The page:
• Set the GUI's FG to "white"
  • Set the GUI's font to 16
  • Add a label with text "Login Window"

Entry fields

Now, let’s add two entry fields to capture the username & password:

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We could have added separate labels and entries, but this is more convenient.

Buttons

Finally, let’s add a function for button presses, and 3 buttons:

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This makes 3 buttons, all using the same function:

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Interactivity

Now we to code the function to respond to the buttons.

If the user presses CANCEL the GUI should close:

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If the user presses RESET, the entry fields should be cleared:

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Interactivity

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Validation

If the user presses SUBMIT, we check if the username & password are correct, then show the relevant message:

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The above code gets data from the entry fields.

Dialogs

Then we can show either an infoBox or an errorBox:

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Depending on whether the password is right or wrong…

Dialogs

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Privacy

Finally, you might want to change the password box to show stars instead of the password.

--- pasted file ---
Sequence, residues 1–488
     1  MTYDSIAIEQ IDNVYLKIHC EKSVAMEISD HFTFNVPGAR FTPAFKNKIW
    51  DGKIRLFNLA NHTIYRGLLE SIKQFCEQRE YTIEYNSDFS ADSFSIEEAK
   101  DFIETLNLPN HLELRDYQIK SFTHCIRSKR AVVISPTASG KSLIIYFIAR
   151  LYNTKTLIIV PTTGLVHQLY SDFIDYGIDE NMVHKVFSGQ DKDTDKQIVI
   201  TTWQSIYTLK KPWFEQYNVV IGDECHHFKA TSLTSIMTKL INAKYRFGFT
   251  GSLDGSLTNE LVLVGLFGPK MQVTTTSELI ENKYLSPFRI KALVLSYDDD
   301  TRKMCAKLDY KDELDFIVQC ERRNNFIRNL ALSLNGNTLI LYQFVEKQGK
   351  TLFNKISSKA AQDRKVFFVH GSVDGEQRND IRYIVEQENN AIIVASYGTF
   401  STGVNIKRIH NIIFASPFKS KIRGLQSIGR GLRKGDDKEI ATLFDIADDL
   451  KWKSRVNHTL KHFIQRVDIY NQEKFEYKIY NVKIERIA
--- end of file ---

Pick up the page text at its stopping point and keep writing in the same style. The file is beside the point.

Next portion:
Replace the earlier addEntryLabel line with:

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Extensions:

  1. Add a status bar to show status.
  2. Set the focus to the correct widget each time.
  3. Set functions on the entry boxes.
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Lesson 4

Light bulb moment?

Objectives

  1. Know how to add images.
  2. Practice handling button clicks.

Getting started

Start out by creating a GUI with:

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  • Title: Lights!
  • Three buttons: On, Off, Exit
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NB. use addButtons for the first row and addButton for the second. They can both use the same function.

Stopping the GUI

Code the function to stop the window when the Exit button is pressed:

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Adding images

Now we’re going to add an image (before the buttons).

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Download bulb_on.gif & bulb_off.gif to your python folder.

Changing images

Finally, the buttons - when the on button is pressed, show the on bulb & when the off button is pressed, show the off bulb.

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Extensions:

  1. Try enabling/disabling buttons at the right time.
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Lesson 5

Magic 8 ball

Objectives

  1. Practice adding an image.
  2. Practice using dialogs for validation.
  3. Practice using arrays and randomization.
  4. Know how to produce a sound.

Getting started

The next project is a magic-8 ball, it has 4 rows of widgets:

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  • A text entry
  • 2 buttons
  • An image
  • A label
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Widgets & Settings

So, we need to create a window (passing in a title, and also setting it so it can't be resized):